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Press Release

Venezuelan Man Sentenced for Aggravated Identity Theft and Access Device Fraud

For Immediate Release
U.S. Attorney's Office, Eastern District of North Carolina

RALEIGH – United States Attorney Robert J. Higdon, Jr. announced that United States District Judge James C. Dever III sentenced RICARDO ABDEL, of Doral, Florida, to 48 months imprisonment, followed by 3 years of supervised release and ordered them to pay $19,966.71 in restitution.  ABDEL, a permanent resident alien from Venzuela, was named in a two-count Criminal Information charging Access Device Fraud and Aggravated Identity Theft.  ABDEL pled guilty to those charges on March 20, 2019.

In March 2018, the Wilmington Police Department (WPD) was alerted by investigators with the State Employees’ Credit Union (SECU) fraud division of ongoing fraudulent debit/credit card withdrawals being made from member accounts at various automated teller machines (ATMs) in the Wilmington area.  On March 5, 2018, the United States Secret Service (USSS) was notified by the SECU and the WPD that three individuals were attempting to illegally withdraw money from an SECU ATM located on Wrightsville Avenue in Wilmington.  Officers responded to that location and conducted a traffic stop of a vehicle in which ABDEL and two other persons were riding.  A search of the vehicle revealed approximately $9,319 in United States currency, numerous debit/credit cards, computers, digital storage media, and two debit/credit card readers/encoders.

Investigators with the SECU’s fraud unit and the USSS determined that the fraudulent debit/credit cards were used at multiple ATM locations in the Wilmington area over a period of several days.  Further, the SECU’s fraud unit confirmed that an illegal debit/credit card skimming device had been placed on a SECU ATM in Leland, North Carolina.  A forensic search of the seized laptop computers and cell phones revealed 566 individual card numbers which were issued by 71 different financial institutions, including 7 card numbers which were issued by financial institution in Mexico and 1 from India.  The intended loss was calculated at $283,000.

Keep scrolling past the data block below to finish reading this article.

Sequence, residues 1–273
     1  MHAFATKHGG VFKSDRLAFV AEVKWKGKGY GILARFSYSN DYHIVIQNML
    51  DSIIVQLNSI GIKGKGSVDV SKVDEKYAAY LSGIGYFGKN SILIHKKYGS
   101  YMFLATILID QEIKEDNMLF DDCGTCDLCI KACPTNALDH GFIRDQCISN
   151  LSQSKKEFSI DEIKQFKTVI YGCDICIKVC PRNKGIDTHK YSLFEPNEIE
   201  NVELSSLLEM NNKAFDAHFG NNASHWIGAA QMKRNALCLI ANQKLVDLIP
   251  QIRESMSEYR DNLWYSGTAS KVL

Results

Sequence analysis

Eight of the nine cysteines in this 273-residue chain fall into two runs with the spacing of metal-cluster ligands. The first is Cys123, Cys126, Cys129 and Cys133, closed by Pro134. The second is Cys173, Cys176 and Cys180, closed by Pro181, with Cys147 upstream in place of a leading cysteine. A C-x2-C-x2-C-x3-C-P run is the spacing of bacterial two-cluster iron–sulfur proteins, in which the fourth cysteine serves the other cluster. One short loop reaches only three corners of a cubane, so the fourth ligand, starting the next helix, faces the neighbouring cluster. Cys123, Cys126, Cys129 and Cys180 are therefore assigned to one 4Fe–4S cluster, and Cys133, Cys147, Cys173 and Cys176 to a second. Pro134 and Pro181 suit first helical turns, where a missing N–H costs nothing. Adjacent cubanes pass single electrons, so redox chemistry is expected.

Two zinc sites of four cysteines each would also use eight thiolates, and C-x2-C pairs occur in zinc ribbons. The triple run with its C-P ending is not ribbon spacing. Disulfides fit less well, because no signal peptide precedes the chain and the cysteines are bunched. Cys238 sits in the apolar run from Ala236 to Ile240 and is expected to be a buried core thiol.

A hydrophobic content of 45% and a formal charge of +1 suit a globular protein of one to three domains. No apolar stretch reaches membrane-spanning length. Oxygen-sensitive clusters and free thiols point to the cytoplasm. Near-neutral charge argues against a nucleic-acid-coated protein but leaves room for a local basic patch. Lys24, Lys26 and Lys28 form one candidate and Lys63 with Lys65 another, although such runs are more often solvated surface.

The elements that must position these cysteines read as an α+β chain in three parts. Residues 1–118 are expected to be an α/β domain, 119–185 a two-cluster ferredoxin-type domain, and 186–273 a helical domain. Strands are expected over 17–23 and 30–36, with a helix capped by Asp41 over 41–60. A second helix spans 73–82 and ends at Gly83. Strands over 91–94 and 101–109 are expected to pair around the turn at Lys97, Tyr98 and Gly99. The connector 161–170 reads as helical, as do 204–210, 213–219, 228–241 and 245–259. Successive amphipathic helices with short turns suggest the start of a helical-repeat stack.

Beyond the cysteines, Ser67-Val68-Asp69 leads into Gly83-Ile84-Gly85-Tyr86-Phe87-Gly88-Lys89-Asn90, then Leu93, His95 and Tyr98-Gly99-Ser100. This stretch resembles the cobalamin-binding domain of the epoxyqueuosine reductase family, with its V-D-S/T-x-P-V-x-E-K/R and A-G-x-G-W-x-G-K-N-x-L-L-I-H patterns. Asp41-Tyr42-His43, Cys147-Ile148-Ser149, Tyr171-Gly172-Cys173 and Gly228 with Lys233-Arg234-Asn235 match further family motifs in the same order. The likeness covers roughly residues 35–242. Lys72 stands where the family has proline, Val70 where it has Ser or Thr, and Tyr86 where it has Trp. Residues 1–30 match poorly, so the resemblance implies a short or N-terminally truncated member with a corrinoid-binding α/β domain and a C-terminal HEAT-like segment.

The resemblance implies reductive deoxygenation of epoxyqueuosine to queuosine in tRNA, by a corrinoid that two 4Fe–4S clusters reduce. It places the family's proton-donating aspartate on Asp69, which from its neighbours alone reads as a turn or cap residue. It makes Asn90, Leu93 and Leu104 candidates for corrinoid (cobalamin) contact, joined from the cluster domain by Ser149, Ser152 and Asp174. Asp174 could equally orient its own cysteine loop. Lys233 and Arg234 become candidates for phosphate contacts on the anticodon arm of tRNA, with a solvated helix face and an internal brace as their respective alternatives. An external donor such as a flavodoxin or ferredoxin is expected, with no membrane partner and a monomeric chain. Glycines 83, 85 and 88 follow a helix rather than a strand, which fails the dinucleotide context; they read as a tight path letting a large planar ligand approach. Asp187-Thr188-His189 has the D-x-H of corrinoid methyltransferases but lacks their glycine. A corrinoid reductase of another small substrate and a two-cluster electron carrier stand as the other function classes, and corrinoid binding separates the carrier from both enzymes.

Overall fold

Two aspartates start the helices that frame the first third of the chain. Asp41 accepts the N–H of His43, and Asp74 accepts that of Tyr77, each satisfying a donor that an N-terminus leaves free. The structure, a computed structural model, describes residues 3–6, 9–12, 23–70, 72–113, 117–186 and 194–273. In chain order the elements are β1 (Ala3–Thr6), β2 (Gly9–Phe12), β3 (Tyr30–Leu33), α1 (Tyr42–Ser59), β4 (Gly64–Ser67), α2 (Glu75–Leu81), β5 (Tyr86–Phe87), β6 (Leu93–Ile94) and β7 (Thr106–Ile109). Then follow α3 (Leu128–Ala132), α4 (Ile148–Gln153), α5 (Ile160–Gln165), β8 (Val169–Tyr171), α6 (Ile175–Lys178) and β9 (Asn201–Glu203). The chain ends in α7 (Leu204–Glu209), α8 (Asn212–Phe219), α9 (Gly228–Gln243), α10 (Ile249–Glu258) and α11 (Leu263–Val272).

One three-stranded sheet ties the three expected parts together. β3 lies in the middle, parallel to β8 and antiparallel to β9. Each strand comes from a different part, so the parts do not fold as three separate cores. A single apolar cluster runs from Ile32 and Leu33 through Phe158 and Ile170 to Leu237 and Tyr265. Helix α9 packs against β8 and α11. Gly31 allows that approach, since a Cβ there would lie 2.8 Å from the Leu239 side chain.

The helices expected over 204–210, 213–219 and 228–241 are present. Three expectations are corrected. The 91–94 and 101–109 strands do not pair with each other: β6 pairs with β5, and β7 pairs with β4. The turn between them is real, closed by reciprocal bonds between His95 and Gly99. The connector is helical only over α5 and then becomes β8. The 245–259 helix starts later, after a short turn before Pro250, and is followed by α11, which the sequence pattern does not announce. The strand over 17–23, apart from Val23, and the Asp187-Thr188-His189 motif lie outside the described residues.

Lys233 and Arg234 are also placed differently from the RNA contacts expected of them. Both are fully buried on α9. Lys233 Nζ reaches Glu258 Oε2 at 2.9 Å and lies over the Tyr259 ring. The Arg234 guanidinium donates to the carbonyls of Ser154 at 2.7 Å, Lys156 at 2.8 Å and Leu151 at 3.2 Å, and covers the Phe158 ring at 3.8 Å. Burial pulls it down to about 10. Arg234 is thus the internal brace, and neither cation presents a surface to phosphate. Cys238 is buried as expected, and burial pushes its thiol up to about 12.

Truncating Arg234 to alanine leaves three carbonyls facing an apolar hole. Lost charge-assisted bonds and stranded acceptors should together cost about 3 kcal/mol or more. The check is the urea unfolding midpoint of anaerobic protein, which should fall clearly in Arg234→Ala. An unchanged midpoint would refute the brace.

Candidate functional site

On July 3, 2018, investigators received credible information identifying co-conspirators based in Venezuela and in the Miami, Florida, area who were involved in the scheme to commit access device fraud.  The conspirators downloaded credit card data from Bluetooth debit/credit card skimming devices which were secretly installed in Tritan ATMs.  After obtaining the debit/credit card and personal identification numbers (PIN) from the debit/credit card skimming devices, the coconspirators used a credit card reader/writer to reencode counterfeit debit/credit cards.  In March 2018, ABDEL and his conspirators used the fraudulent debit/credit cards at ATMs in the Wilmington area to withdraw funds from multiple victims’ accounts.  The investigation revealed that the group was traveling to various states, including Georgia, California, and Florida, to install debit/credit card skimming devices.  It is estimated that the group made $250,000 monthly as a result of the fraudulent scheme.  

Additionally, investigators learned that in March 2018, ABDEL spent four or five days in the Wilmington area placing pin-hole camera skimming devices on ATMs and collecting account numbers.  Those numbers were then encoded onto magnetic stripe cards and used to fraudulently withdraw funds from ATMs.  ABDEL and the others also travelled to the Wilmington area two to three weeks earlier in order to recover debit/credit card skimming devices and computers which were left in a suitcase in a storage unit by another coconspirator.  

The United States Secret Service, the Wilmington Police Department and the Kure Beach Police Department conducted the investigation.  Assistant United States Attorney Ethan Ontjes represented the government.

Updated January 22, 2020

Identity Theft